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The Holiday Season is Upon Us-Part 8-Binging and Three Ways to Beat It!

Photo by Gerd Altmann from Pexels

"Even Nectar is poison if taken to excess." -Proverbs

Happy New Year's Eve!

I wanted to take some time and talk with you today about one of the common challenges I see that often make an appearance on New Years Eve: Binging.

So, what is binging? It depends on where you read about it and what substance/activity you're talking about. For example:

*Binge drinking is defined by the CDC as "…a pattern of drinking that brings a person's blood alcohol concentration (BAC) to 0.08 g/dl or above. This typically happens when men consume 5 or more drinks or women consume 4 or more drinks in about 2 hours" (

*binge eating according to the DSM-5 is (paraphrased) eating a quantity of food in a 2 hour period that is more than what most people would eat in a similar period of time in a similar situation.

Other binge behavior can include shopping, substance use or sexual behavior. The common thread is that binging is excessive behavior. Also, binging can be mood altering.

So when does it happen?

It can occur during times of elevated stress or negative mood states. Sometimes it occurs when a person is trying to feel better. For some people it happens during positive/manic episode because they are feeling so good they fear no consequences. It can also happen when we are around others who are indulging, because it gives us a sense of permission.

Where can it happen?

Just about anywhere depending on your "drug of choice."

*Food at restaurants, at home, gas stations, retail stores or cafes

*alcohol-bars, restaurants, home, gas stations, grocery store or at home

*sex-internet or wherever a "suitable" partner may be found.

Why does it happen?

It is usually an attempt to self-soothe a negative emotional state or to celebrate something (which gets out of hand). It can also be the symptom of a larger mental illness. There are numerous reasons why people binge.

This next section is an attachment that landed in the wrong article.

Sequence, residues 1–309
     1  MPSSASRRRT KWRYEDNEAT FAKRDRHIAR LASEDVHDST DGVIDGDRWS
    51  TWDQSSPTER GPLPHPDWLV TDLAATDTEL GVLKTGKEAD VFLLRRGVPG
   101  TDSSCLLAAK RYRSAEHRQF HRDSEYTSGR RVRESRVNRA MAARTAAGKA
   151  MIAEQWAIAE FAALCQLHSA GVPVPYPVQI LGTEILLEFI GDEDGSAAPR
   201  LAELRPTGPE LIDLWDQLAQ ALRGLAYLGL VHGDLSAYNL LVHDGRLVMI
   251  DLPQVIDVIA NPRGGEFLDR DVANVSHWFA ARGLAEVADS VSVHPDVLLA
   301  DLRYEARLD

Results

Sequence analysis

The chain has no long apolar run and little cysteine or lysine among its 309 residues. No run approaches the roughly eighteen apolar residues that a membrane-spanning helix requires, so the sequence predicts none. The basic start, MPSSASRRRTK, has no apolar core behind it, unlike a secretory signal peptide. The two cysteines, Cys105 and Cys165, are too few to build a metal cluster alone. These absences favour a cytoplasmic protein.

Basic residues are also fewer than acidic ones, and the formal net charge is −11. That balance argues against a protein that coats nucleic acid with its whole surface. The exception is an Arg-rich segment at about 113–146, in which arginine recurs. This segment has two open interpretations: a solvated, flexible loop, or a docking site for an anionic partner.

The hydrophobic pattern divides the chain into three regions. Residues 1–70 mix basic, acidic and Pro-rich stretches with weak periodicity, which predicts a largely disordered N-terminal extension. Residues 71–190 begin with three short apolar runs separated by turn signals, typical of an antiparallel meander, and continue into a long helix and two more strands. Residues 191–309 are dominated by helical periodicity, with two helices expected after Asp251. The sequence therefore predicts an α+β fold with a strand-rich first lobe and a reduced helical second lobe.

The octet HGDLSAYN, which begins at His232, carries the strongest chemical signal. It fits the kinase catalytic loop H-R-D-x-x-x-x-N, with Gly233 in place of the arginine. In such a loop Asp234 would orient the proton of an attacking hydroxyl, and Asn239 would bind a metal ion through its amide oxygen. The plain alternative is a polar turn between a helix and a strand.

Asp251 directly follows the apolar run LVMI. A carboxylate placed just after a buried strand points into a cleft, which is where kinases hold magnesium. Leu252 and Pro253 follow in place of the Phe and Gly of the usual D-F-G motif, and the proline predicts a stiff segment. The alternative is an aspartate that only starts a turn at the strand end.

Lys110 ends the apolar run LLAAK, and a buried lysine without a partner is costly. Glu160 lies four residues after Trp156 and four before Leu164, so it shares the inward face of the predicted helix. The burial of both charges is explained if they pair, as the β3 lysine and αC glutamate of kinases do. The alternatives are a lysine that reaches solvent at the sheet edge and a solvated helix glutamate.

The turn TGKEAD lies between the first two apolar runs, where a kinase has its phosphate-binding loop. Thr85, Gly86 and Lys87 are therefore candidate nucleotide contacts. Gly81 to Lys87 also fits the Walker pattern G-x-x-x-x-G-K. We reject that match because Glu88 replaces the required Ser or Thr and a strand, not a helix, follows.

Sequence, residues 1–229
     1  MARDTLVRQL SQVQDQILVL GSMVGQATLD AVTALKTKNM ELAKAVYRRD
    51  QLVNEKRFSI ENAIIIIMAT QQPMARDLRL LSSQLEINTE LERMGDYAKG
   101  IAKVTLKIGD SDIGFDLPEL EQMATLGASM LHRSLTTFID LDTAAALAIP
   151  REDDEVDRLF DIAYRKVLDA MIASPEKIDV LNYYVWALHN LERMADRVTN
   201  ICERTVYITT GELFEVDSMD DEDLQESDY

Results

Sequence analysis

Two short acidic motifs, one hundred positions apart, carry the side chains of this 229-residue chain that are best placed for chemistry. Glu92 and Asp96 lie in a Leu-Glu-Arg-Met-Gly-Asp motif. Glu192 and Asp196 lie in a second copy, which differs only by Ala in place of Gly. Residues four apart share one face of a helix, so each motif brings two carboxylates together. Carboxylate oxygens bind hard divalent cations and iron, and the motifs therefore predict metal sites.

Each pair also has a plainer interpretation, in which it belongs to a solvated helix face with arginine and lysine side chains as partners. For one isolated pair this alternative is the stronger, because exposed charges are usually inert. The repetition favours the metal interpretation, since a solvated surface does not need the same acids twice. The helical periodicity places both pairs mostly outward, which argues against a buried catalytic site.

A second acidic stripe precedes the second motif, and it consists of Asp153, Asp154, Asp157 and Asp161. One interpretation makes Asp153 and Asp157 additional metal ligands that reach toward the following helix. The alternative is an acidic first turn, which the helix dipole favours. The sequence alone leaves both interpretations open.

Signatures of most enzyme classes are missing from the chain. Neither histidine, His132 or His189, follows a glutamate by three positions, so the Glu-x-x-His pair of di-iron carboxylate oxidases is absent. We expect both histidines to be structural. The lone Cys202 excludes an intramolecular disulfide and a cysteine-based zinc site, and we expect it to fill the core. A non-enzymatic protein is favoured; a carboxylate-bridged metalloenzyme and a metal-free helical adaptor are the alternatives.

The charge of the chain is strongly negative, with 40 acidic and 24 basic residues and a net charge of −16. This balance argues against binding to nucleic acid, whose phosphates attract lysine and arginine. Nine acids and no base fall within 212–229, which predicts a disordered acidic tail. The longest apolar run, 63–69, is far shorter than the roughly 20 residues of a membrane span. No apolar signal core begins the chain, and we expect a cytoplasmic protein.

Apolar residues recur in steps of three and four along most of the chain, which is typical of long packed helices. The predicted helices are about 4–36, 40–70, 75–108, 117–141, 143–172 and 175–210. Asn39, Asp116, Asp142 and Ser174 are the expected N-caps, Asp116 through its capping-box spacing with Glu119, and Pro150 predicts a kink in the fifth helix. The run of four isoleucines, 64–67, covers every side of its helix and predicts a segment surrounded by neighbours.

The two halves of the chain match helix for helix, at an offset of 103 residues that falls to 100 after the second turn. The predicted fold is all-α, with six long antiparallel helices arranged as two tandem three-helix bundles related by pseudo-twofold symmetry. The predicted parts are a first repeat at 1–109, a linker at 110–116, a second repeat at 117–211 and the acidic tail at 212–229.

Signs you may be in heading into a binge:

· You feel unable to stop yourself from thinking about binging.

· You put yourself in situations or around people when you KNOW the outcome will be bad, but you want to do it anyway.

· You ignore your conscience (that little quiet voice inside telling you that you are making a mistake) or body signals that you need to stop (feeling overly full, intoxicated, high or nauseous).

· If you find yourself in a police station, hospital or some other bad situation afterwards.

So what can I do?

1) If you can, Use MODERATION. If you can't moderate, get HELP.

If you can moderate, decide before you go what you will allow yourself. Make a plan and stick to it. Note: Not all people are capable of moderation. Some people simply cannot control their impulse to binge. If this is the case for you, read on…


Avoid the people, places and things that are tempting you to binge. Don't go to the places to be around the people that have the thing that will tempt you to binge! Have a friend or sponsor or other resource on speed dial for help preventing the binge.

3) Prepare for the fallout-play the tape through in your head. Do you need to find bail money? Do you need to figure out how to get a ride home safely? Do you need to get Narcan? Will you need ginger ale and crackers tomorrow for that hangover? How can you reduce the harm you are about to do to yourself? Do you need to tell someone you are sorry for what you are planning to do tonight? (Hmmm…wait a minute...maybe binging tonight isn't a good idea after all…)

Of course, you can also choose to do nothing about the binge you are considering, but I do NOT RECOMMEND that as (I not-so-subtly) indicated above in point 3.

Okay, so let's say you wake up tomorrow and you realized you goofed up. Let's say you woke up on New Years Day and felt pretty rotten. What can you do now? Decide if it's time for a change. If it is, reach out. There's no wrong place to start. Start with a friend or family member you trust. Maybe start with your local crisis center or county mental health and addiction services board. Either of these places will have information on resources that can help you. You can consider treatment, 12-step meetings or a variety of other options to help you with your binge behavior. Again, there is no wrong place to start to begin to make your life better.

If you'd like to learn more about today's topic or if you have any questions about the ways I can help you, please call me at 330-451-6306 for your free 15 minute phone consultation. You may also send me a confidential email by going to the following webpage: and entering in your message.

You can also visit my website (if that's not where you are reading this) at for more information about me and the services I offer.

If you are in crisis, please contact the Coleman Crisis Center in Canton, Ohio at 330-452-6000 for immediate help or the national crisis line at 1-800-275-TALK (8255).

You can also text the Ohio Crisis Line by sending "4 hope" to 741-741 or go to the nearest emergency department for immediate assistance.

Have a Safe and Happy New Years Eve everyone! I look forward to seeing you in 2021!



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